Diagnosing Autism Spectrum Disorder in Children and Adolescents
Autism Spectrum Disorder (ASD) is a developmental disorder that results in repetitive behaviors, social interaction and communication challenges, as well as challenges with sensory processing. The word “spectrum” is aptly used to reflect that symptoms can vary greatly, from mild to severe, across different individuals.
In a study by the Centers for Disease Control and Prevention (CDC), 1 in 59 U.S. children were identified as having ASD. The earlier the disorder is diagnosed, the sooner a child can be helped through treatment interventions.
The symptoms of Autism Spectrum Disorder include:
- Trouble with basic human communication. This can include a lack of responsiveness during social interactions, abnormal use of gestures, eye contact or facial expressions and a difficulty understanding relationships.
- Repetitive behaviors and interests that can include specific movements or spoken phrases, a need for routine, intense interest in specific objects or topics, and either low or high levels of sensitivity to sensory environment (sights, sounds, smells).
- Symptoms present early in childhood and cause “clinically significant impairment in social, occupational, or other important areas of current functioning.”
As stated earlier, it’s important that ASD be diagnosed as early as possible to reduce the symptoms of autism and improve the child’s quality of life. There is no medical test for autism. Instead, diagnosis is based on observing the child. Trained professionals are usually able to diagnose autism by speaking with the child and asking questions of parents and other caregivers.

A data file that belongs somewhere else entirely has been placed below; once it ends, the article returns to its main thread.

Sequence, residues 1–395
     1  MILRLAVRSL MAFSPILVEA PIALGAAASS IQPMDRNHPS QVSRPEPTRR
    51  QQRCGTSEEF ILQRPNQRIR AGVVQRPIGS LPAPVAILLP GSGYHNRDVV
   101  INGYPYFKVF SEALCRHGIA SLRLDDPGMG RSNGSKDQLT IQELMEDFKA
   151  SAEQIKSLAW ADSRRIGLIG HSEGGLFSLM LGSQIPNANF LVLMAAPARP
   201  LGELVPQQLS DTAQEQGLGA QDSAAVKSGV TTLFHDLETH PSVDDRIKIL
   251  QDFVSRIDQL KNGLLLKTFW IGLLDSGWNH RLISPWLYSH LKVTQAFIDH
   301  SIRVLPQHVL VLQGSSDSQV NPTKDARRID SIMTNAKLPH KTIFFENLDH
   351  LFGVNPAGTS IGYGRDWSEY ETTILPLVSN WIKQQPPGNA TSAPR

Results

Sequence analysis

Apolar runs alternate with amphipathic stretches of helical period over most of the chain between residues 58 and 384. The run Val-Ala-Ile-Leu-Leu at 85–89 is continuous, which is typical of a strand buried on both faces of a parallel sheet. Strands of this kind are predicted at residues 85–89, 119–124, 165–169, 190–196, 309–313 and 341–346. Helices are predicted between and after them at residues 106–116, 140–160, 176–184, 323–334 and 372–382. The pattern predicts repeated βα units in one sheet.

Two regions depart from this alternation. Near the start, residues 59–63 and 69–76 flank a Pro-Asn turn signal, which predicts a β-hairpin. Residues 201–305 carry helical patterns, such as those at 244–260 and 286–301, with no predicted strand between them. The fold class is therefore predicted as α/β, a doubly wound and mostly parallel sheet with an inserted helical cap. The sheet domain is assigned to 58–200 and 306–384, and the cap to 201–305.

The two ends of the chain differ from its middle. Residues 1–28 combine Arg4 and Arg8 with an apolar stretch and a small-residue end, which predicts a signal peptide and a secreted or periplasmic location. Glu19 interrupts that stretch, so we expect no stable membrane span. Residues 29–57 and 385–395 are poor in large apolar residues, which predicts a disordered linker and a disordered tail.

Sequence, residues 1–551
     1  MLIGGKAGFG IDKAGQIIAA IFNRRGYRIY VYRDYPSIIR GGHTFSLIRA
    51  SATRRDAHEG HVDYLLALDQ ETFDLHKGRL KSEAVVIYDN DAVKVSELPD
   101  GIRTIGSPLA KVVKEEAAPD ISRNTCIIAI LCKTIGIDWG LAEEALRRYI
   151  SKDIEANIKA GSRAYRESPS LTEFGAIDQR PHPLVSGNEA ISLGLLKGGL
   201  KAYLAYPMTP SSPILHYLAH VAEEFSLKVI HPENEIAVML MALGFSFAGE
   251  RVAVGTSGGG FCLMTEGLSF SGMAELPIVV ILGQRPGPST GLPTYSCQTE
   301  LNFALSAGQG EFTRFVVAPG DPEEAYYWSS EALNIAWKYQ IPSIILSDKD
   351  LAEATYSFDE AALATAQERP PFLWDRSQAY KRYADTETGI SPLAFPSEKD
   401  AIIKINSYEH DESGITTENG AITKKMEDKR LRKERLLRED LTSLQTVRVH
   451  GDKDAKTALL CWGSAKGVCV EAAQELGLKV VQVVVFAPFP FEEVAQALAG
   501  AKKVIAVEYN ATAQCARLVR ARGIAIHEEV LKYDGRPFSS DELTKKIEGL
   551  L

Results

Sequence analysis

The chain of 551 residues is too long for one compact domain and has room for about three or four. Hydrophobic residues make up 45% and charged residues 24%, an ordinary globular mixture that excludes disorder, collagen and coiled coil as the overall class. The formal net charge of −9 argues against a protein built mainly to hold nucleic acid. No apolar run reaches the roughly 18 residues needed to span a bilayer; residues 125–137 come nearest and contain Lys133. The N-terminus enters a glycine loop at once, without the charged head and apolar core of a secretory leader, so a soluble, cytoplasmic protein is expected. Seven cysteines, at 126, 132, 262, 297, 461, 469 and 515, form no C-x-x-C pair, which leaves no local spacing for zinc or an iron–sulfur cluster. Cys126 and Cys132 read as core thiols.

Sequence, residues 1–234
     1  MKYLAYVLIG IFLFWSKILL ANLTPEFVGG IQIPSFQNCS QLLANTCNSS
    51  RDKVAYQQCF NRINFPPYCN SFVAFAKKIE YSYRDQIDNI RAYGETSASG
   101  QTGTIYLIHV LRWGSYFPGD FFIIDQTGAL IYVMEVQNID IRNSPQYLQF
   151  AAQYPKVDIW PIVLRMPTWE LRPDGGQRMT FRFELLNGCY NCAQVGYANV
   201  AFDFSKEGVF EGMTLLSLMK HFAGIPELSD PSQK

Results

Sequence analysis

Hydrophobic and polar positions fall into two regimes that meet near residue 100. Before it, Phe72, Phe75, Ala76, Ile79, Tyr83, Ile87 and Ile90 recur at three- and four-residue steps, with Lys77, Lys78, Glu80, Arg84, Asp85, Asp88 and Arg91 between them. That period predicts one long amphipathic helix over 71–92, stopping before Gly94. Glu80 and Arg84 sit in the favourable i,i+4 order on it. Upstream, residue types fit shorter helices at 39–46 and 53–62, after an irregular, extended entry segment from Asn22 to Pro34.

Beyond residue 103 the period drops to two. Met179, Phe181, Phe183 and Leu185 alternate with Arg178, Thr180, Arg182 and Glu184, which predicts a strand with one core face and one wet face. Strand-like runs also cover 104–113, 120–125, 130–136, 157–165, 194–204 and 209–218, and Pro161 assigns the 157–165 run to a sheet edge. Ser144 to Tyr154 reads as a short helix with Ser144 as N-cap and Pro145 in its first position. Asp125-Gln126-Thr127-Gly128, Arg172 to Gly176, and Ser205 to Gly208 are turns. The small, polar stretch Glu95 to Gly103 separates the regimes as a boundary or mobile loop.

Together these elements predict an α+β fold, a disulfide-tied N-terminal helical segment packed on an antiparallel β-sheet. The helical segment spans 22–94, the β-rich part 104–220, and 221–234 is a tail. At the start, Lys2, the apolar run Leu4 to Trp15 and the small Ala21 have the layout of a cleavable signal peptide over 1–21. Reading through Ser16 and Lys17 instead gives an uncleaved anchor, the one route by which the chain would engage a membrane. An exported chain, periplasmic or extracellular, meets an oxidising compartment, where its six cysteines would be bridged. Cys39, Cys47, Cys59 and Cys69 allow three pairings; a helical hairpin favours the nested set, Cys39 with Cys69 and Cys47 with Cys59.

The American Academy of Pediatrics recommends that children be screened for developmental disorders before the age of three. Under federal law, any child that is suspected of having a developmental disorder is able to get a free evaluation.
Here are some possible red flags for autism spectrum disorder that the Centers for Disease Control has identified:
- Not reacting to his or her name by the age of 12 months.
- Not acknowledging objects to show interest by 14 months.
- Not playing “pretend” games by 18 months.
- Isolating themselves and not making direct eye contact.
- Getting upset by minor changes to routine.
- Repetitive motions such as spinning in circles, rocking their body or flapping their hands.
If your infant or toddler has shown any of these symptoms and you have concerns about their development, it’s important that you bring them to your family physician for evaluation. While there is no cure for Autism Spectrum Disorder, there are different styles of behavioral therapy that can lesson symptoms and improve the child and their family’s quality of life.